Advertisement

Environmental Science and Pollution Research

, Volume 26, Issue 11, pp 10846–10853 | Cite as

Testing the EKC hypothesis for ten US states: an application of heterogeneous panel estimation method

  • Cem IşıkEmail author
  • Serdar Ongan
  • Dilek Özdemir
Research Article
  • 290 Downloads

Abstract

This study aims to test the EKC (Environmental Kuznets Curve) hypothesis for the ten states, having the highest levels of carbon dioxide emissions in the USA, through the independent variables of real GDP, population, and renewable energy and fossil energy consumptions. To this aim, the panel estimation method with cross-sectional dependence is applied to data from 1980 to 2015. The empirical findings of the study indicate that the EKC (inverted U-shaped) hypothesis is valid only for Florida, Illinois, Michigan, New York, and Ohio. Interestingly, the negative impacts of fossil energy consumption on CO2 emission levels in Texas are not detected statistically although this state is the leading oil-producing state. Furthermore, the positive impacts of renewable energy consumption in Florida, officially known as “Sunshine State”, are considerably low when compared with the other states.

Keywords

CO2 emissions Fossil energy Renewable energy Population and cross-sectional dependence Environmental Kuznets Curve (EKC) GDP 

Jel classification

Q00 Q2 Q3 Q5 

Notes

References

  1. Aldy JE (2005) An environmental Kuznets curve analysis of US state-level carbon dioxide emissions. J Environ Dev 14(1):48–72CrossRefGoogle Scholar
  2. Alshehry AS, Belloumi M (2015) Energy consumption, carbon dioxide emissions and economic growth: the case of Saudi Arabia. Renew Sust Energ Rev 41:237–247CrossRefGoogle Scholar
  3. Andreoni J, Levinson A (2001) The simple analytics of the environmental Kuznets curve. J Public Econ 80:269–286CrossRefGoogle Scholar
  4. Ang JB (2007) CO2 emissions, energy consumption, and output in France. Energy Policy 35(10):4772–4778CrossRefGoogle Scholar
  5. Apergis N, Christou C, Gupta R (2017) Are there environmental Kuznets curves for US state-level CO2 emissions? Renew Sust Energ Rev 69:551–558CrossRefGoogle Scholar
  6. Atasoy BS (2017) Testing the environmental Kuznets curve hypothesis across the US: evidence from panel mean group estimators. Renew Sust Energ Rev 77:731–747CrossRefGoogle Scholar
  7. Beckerman, W., 1992. Economic growth and the environment: whose growth? Whose environment?Google Scholar
  8. Breusch TS, Pagan AR (1980) The Lagrange multiplier test and its applications to model specification in econometrics. Rev Econ Stud 47:239–253CrossRefGoogle Scholar
  9. Census (2018) US Census Bureau. https://www.census.gov/data.html
  10. De-Vita G, Katircioglu S, Altinay L, Fethi S, Mercan M (2015) Revisiting the environmental Kuznets curve hypothesis in a tourism development context. Environ Sci Pollut Res 22(21):16652–16663CrossRefGoogle Scholar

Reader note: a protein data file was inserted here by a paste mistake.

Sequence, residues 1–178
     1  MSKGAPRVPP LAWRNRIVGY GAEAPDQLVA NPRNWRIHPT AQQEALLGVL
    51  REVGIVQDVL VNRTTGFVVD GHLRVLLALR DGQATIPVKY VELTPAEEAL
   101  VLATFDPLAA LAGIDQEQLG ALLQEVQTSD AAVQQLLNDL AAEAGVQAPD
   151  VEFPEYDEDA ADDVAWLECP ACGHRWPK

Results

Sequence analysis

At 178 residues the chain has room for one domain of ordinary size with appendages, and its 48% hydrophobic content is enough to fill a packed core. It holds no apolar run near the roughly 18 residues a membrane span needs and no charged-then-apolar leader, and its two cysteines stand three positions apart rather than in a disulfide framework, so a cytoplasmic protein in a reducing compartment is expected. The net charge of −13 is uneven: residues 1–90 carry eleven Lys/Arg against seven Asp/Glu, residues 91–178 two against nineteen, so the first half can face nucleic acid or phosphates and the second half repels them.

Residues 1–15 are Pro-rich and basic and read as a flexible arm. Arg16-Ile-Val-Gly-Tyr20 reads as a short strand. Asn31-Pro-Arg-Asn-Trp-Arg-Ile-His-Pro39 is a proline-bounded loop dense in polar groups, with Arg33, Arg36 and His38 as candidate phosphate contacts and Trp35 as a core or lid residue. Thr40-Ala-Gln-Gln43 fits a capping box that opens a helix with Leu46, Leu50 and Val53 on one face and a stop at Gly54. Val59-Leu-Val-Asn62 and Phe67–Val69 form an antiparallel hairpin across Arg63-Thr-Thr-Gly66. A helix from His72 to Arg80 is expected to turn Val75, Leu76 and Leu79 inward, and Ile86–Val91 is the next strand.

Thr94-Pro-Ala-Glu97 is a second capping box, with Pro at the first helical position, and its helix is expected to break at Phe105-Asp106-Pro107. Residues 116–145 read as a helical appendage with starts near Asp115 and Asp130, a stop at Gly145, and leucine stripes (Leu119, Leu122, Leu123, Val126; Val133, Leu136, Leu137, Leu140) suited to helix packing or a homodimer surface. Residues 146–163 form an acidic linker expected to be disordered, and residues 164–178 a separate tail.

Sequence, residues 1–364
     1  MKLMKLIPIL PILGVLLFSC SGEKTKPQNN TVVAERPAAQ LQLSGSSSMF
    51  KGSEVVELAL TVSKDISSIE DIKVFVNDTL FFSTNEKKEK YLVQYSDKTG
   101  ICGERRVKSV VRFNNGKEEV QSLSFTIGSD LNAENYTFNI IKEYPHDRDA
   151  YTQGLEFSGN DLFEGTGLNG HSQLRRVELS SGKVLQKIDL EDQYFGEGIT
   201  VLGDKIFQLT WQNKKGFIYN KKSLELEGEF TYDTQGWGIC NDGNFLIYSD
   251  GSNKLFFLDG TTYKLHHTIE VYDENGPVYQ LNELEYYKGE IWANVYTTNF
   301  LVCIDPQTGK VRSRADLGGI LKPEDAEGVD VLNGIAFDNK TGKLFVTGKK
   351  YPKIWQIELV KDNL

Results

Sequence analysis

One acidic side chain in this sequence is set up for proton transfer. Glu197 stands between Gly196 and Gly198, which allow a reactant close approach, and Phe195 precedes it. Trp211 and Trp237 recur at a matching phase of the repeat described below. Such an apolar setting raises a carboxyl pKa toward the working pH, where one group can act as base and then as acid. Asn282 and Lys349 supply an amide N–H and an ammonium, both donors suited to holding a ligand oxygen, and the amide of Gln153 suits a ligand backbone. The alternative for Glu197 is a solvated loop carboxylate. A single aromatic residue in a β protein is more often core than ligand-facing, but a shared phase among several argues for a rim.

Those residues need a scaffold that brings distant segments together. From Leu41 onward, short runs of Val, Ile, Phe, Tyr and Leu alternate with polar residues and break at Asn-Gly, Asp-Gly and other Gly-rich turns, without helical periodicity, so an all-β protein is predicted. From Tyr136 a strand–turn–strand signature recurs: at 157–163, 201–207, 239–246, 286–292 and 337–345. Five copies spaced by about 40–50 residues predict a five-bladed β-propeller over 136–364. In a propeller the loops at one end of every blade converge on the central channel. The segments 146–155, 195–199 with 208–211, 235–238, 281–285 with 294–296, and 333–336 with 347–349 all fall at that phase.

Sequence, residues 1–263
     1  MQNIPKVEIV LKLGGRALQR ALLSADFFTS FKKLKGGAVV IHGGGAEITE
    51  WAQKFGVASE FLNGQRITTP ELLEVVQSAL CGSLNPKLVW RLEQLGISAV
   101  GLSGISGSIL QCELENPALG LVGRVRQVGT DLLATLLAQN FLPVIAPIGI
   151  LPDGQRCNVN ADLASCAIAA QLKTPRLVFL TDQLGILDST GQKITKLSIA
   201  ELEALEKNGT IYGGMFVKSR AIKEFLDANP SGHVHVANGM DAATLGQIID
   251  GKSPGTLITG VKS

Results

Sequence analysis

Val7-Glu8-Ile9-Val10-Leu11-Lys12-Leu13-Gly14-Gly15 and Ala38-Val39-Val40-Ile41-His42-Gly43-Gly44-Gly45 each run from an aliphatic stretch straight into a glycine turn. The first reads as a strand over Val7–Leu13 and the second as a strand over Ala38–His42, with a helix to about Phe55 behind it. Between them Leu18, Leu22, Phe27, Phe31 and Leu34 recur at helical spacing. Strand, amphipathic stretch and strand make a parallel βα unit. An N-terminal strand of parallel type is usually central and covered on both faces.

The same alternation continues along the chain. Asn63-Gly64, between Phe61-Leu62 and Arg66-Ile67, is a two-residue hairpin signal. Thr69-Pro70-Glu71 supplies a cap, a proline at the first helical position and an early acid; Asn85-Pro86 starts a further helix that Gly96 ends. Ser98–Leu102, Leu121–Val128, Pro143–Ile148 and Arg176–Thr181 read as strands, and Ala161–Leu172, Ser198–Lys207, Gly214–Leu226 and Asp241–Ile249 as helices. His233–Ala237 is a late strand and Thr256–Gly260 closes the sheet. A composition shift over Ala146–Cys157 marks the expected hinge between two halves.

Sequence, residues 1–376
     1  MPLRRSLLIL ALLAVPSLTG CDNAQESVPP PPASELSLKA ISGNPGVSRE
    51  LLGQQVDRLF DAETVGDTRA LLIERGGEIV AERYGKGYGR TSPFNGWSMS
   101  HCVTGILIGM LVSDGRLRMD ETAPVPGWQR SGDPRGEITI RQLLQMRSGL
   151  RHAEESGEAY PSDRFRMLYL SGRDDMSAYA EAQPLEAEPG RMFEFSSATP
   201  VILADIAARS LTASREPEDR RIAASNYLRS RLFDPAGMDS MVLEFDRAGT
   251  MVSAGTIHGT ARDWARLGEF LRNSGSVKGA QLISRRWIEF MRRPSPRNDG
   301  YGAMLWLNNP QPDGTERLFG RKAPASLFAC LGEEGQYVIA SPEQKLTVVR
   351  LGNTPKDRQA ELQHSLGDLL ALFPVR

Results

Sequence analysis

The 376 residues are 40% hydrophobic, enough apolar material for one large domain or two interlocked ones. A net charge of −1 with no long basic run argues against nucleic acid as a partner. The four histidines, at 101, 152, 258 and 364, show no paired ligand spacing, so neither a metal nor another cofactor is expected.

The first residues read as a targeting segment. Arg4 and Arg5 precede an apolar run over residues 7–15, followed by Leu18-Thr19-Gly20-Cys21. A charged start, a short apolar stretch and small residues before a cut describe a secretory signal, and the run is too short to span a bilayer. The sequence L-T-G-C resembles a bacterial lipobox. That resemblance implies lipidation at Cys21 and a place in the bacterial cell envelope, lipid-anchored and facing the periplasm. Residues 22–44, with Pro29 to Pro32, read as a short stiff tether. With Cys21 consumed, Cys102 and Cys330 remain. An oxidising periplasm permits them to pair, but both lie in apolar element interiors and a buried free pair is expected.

11. Dogan E, Turkekul B (2016) CO 2 emissions, real output, energy consumption, trade, urbanization and financial development: testing the EKC hypothesis for the USA. Environ Sci Pollut Res 23(2):1203–1213CrossRefGoogle Scholar
  12. Dogan E (2017) CO2 emissions, real GDP, renewable energy and tourism: evidence from panel of the Most-visited countries. Statistika 97(3):63–76Google Scholar
  13. EIA (2018) U.S. Energy Information Administration. https://www.eia.gov/
  14. Farhani S, Mrizak S, Chaibi A, & Rault C (2014) The environmental Kuznets curve and sustainability: A panel data analysis. Energy Policy, 71, 189–198Google Scholar
  15. FED (Federal Reserve Bank of St. Louis) (2017) Economic research. https://research.stlouisfed.org/Farhani
  16. Chaibi SA, Rault C (2014) CO2 emissions, output, energy consumption, and trade in Tunisia. Econ Model 38:426–434CrossRefGoogle Scholar
  17. Halicioglu F (2009) An econometric study of CO2 emissions, energy consumption, income and foreign trade in Turkey. Energy Policy 37(3):1156–1164CrossRefGoogle Scholar
  18. Hanif P, Gago-de-Santos (2017) The importance of population control and macroeconomic stability to reducing environmental degradation: an empirical test of the environmental Kuznets curve for developing countries. Environ Dev 23(3):1–9CrossRefGoogle Scholar
  19. Hausman JA (1978) Specification tests in econometrics. Econometrica 46(6):1251–1271CrossRefGoogle Scholar
  20. Isik, C. (2010) Natural gas consumption and economic growth in Turkey: a bound test approach. Energy Systems, 1(4), 441–456Google Scholar
  21. Isik C, & Shahbaz M (2015) Energy consumption and economic growth: a panel data aproach to OECD countries. International Journal of Energy Science, 5(1).  https://doi.org/10.12783/ijes.2015.0501.01
  22. Isik C, Dogru T, Turk ES (2018) A nexus of linear and non-linear relationships between tourism demand, renewable energy consumption, and economic growth: theory and evidence. Int J Tour Res 20(1):38–49CrossRefGoogle Scholar